Voters and candidates make surprising decisions that only begin to make sense when we understand that our choices are often rooted in psychological biases. And beyond the decisions that political actors make, random events often occur and help determine whom we elect. The most predictable part of our elections is that the unpredictable will happen.
1916 – Wilson vs. Hughes
In July 1916, New Jersey’s first recorded shark attacks brought panic to coastal towns. Tourism dropped precipitously. Political scientists found that despite there being no mechanism for the federal government to intervene at the time (and no expectation that it would) the attacks cost Woodrow Wilson 10 percentage points in those towns.
1960 – Nixon vs. Kennedy
Political scientists have found that inclement weather on Election Day reduces voter turnout. On Nov. 8, 1960, weather was favorable in most of the country, and research suggests that it helped push John F. Kennedy over the top. If weather had been rainier and snowier, Richard Nixon likely would have picked up the 51 additional electoral votes he needed to win.
1969 – The Mayor and the Miracle Mets
In the summer of 1969, it was widely assumed that New York Mayor John Lindsay, leading a beleaguered administration, had little chance of re-election. Then the Mets stormed to a shocking World Series win. The baseball-ignorant mayor appeared with the team at every opportunity during their run and surprisingly won a second term.
1977 – Droughts Hurt Incumbents in India
The ruling Congress party lost power for the first time since India’s independence in 1947. My research with economists Shawn Cole and Eric Werker at Harvard Business School showed that across that and many other elections, incumbent politicians lost many votes when droughts or floods occurred. Politicians could win some votes back by responding robustly with relief spending, but they could not undo all the electoral damage caused by Mother Nature.
1980 – Carter vs. Reagan
To tame rampant inflation, the Federal Reserve increased interest rates in the two years after Paul Volcker took over in 1979. Volcker was willing to pay the price of recession to bring inflation under control. But few incumbents win re-election in times of economic distress, even if the cause was beyond their control. Jimmy Carter was no exception.
1992 – Clinton vs. Bush
Bill Clinton won the presidency, famously emphasizing the economy at every turn. But the economy had actually already recovered by Election Day, despite voters’ perceptions of a continuing recession. If voters in 1992 had accurately perceived the economy’s strength, we may never have had a President Clinton.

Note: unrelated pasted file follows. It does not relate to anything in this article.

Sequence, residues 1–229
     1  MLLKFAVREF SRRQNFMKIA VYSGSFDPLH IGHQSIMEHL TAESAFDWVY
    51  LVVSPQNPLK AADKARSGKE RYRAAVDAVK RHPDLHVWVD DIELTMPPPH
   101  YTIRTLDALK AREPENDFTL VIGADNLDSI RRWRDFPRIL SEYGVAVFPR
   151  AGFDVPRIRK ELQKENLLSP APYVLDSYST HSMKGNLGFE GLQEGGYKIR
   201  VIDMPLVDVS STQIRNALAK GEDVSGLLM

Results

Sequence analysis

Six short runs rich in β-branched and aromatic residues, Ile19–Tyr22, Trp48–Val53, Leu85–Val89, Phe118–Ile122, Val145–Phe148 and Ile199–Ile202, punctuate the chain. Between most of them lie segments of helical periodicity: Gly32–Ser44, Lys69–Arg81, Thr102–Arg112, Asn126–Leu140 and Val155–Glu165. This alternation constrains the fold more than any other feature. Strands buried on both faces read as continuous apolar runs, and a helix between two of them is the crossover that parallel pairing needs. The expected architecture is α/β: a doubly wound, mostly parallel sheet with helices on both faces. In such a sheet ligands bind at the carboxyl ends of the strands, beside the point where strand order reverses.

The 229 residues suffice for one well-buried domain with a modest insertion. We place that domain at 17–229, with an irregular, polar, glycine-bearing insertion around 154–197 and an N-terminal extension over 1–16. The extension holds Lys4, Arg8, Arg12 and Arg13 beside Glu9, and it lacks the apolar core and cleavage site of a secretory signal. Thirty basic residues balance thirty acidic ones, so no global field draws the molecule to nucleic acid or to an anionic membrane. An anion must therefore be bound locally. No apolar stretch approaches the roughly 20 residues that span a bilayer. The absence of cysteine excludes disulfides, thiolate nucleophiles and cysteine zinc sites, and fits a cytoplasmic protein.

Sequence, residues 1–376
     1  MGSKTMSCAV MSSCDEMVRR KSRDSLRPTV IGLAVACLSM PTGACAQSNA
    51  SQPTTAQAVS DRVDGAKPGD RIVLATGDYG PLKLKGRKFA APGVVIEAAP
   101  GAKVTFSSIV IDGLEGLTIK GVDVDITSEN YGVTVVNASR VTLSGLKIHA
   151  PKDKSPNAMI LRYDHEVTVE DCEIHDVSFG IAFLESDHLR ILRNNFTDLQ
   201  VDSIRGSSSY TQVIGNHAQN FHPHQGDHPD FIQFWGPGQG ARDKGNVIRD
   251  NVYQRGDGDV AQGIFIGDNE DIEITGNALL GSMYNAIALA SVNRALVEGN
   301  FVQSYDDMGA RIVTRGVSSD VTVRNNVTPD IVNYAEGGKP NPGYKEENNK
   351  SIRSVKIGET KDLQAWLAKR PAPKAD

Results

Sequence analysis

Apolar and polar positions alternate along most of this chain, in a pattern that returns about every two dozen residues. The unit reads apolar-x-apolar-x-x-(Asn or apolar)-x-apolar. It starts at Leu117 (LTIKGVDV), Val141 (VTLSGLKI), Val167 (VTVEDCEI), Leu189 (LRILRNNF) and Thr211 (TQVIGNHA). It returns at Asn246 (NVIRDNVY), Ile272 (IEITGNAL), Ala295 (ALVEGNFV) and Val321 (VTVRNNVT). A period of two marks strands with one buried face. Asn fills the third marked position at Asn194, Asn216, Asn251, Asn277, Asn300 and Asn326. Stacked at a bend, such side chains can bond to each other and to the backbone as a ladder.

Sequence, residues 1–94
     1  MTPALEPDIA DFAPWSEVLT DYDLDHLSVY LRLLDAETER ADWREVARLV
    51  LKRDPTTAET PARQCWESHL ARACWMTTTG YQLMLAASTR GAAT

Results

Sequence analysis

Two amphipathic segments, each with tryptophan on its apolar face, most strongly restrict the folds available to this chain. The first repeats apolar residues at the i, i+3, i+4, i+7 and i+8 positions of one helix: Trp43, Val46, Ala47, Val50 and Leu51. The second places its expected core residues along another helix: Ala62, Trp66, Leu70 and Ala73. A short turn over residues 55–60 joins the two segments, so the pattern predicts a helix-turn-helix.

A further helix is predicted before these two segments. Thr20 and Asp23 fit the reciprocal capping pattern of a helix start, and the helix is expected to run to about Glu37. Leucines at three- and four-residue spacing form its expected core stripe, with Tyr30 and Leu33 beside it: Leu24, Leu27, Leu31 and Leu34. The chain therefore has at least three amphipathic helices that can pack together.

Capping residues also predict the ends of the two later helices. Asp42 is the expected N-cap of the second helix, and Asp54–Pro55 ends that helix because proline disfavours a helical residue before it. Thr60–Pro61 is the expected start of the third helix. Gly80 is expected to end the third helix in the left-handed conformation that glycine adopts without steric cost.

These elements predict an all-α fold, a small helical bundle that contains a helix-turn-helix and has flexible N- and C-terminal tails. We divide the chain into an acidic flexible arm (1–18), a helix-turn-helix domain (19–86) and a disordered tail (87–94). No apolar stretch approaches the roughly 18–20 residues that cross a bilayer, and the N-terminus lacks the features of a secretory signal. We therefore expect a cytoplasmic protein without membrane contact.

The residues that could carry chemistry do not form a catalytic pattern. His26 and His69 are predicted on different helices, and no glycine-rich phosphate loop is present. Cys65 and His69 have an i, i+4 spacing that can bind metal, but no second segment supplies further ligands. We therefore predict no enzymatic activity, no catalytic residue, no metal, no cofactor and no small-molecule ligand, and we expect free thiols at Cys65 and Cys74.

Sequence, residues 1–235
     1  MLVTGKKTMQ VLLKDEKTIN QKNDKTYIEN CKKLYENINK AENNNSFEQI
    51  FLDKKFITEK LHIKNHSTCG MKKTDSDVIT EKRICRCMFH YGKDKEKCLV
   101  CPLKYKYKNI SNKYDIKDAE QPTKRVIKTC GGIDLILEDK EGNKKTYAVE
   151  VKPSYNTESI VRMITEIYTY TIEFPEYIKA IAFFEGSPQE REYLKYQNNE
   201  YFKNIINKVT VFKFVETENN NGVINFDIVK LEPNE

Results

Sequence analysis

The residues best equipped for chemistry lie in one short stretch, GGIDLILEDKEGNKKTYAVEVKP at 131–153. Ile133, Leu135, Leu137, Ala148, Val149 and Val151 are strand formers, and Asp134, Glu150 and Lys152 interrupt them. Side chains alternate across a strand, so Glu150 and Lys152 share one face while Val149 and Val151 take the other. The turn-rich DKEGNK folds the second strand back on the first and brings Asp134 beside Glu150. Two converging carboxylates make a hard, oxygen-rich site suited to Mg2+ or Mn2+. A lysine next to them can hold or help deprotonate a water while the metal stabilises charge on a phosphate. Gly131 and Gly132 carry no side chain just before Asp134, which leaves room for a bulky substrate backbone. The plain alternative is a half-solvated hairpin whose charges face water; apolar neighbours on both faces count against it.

1998 – Ventura vs. Coleman vs. Humphrey
In Minnesota in 1998, polls indicated that former pro wrestler Jesse Ventura, ranked third by most voters, would lose badly to either his Democrat or Republican opponent in a head-to-head race. But 37 percent of them also had Ventura first, enough to beat the closest challenger by 3 percentage points in the three-way race.
2004 – Bush vs. Kerry
Four election-year hurricanes presented George W. Bush the chance to give voters what they like to get the most: money. Researchers have found that politicians send more relief money in election years. Huge amounts of Federal Emergency Management Agency money flowed into Florida — much of it found to be fraudulent in later audits — helping Bush win the pivotal state by 5 percentage points in 2004.
2008 – Recession Takes Toll on Incumbents
With the global economy in recession, incumbents worldwide struggled in democratic elections. Researchers have shown that leaders at home get blamed whenever voters are upset, even if the voters are less upset than those in most other places. Voters appear not to carefully calculate what is, and isn’t, an incumbent leader’s responsibility.
2008 – Obama vs. McCain
Research from economists shows that governors of oil-producing states become more popular when prices are high, while those of oil-consuming states do better when prices are low. In summer 2008, oil prices spiked, filling Alaska’s coffers and lifting the governor’s approval ratings. That popularity at home helped Sarah Palin get picked as John McCain’s running mate.
Andrew Healy is professor of economics in the Bellarmine College of Liberal Arts. His expertise is in applied econometrics, economics, political economy and political science. He has written frequently on non-electoral factors that have shaped voting results.